Is the Katlian Bay Road Really a Good Idea?


View across Katlian Bay and Cedar Cove from Starrigavan Ridge. Photo © Kevin Donnelly

The extension of Halibut Point Road to Katlian Bay has been on the table for years. In the current fiscal climate we need to re-evaluate our large infrastructure projects. The proposal would see the construction of a nine mile unpaved single lane road, with multiple bridge crossings, built around the head of Starrigavan Bay connecting through to Katlian Bay. The project was originally developed in the ‘Road to Resources Program’ under former Governor Parnell. The area apparently contains potential rock and gravel resources on Shee Atika lands. Now, however, we are told the primary reason for the road is to provide ‘recreational and subsistence’ opportunities. Raven Radio covered the history and issues facing project a few weeks back, find their excellent story here.

This construction work is slated to begin during one of the largest budget deficits the State has ever faced; Alaska needs to find a spare $4 billion dollars. The planned road still has $12.5 million pencilled in against its name in this year’s State Transportation Improvement Program. With the current state deficit so alarmingly high, is it right to spend our limited state budget on a project with limited benefit to the community? Sitka already boasts some of the best subsistence and recreation opportunities in the world, let alone the State, without any need for an extension of the road system.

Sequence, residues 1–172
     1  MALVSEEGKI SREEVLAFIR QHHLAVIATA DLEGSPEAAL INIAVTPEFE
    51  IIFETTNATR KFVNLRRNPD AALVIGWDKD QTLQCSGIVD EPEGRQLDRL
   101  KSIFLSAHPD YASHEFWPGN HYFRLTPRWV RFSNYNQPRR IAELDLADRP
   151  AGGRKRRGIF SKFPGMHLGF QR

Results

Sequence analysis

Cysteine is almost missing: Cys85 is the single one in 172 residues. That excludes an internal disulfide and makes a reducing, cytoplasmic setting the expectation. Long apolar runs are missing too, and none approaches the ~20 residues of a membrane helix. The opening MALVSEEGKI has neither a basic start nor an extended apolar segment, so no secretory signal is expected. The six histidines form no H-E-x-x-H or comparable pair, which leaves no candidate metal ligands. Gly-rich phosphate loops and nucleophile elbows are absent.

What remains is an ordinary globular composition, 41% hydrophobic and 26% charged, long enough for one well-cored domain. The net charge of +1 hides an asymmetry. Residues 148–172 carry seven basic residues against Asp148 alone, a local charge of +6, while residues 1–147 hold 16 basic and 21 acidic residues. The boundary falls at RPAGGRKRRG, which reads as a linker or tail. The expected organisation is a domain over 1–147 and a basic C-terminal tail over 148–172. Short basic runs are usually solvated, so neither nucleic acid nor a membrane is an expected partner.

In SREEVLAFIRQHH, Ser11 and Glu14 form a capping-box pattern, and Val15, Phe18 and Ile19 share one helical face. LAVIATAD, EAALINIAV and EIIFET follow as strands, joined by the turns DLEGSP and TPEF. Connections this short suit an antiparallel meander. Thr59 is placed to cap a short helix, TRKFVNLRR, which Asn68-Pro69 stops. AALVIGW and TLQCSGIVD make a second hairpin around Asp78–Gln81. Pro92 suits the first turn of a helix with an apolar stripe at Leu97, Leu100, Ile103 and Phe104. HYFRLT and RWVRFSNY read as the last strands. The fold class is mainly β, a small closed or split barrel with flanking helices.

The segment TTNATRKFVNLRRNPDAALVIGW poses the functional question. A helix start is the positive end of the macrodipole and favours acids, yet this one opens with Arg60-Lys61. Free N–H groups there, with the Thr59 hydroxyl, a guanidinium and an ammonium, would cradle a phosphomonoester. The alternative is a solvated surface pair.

Most of us in Sitka do not own a boat, so it is easy to think it would be nice to have more convenient access to another beautiful valley. Yet with the State in such dire straits we need to prioritize and re-think what we want to (or not) invest our limited money in. We already have it pretty good in our little town and occasionally we need to remind ourselves of that fact. During this tightening of the state's purse strings a road that only really seeks to open up resource extraction for the benefit of the few is not a priority. The existing subsistence opportunities currently available to our town are essentially second to none. Plus it is worth remembering that, if built, the road will require constant maintenance due to the steep terrain it will cross, meaning the cost associated with it will certainly not stop once construction has. 

If you want to get involved and make your voice heard the Department of Transportation is hosting an Open House and Request for Comments from 4.30pm to 8.30pm Room E Centennial Hall this coming Wednesday March 18th. Find more details here.

Please find below a collection of maps and documents from the Dept of Transportation relating to the project including:

Map outlining the location of the planned road
Map illustrating the route alternatives
Fact sheet on the project
Table describing the potential impacts of the road

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